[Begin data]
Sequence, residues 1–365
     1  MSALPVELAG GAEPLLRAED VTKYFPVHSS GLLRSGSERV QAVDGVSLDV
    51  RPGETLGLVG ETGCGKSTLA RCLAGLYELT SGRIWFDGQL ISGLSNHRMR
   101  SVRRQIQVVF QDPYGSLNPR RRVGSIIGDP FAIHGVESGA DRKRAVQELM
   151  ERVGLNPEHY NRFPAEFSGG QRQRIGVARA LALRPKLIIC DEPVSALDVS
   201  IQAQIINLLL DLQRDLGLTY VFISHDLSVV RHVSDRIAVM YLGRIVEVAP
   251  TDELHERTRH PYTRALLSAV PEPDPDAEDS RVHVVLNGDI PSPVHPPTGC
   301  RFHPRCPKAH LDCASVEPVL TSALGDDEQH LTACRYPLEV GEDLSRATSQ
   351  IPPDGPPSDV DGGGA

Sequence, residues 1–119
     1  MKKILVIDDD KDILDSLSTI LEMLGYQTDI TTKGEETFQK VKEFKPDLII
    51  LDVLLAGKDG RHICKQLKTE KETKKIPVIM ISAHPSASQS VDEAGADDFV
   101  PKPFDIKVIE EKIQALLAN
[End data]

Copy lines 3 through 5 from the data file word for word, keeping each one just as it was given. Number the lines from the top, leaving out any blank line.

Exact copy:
    51  RPGETLGLVG ETGCGKSTLA RCLAGLYELT SGRIWFDGQL ISGLSNHRMR
   101  SVRRQIQVVF QDPYGSLNPR RRVGSIIGDP FAIHGVESGA DRKRAVQELM
   151  ERVGLNPEHY NRFPAEFSGG QRQRIGVARA LALRPKLIIC DEPVSALDVS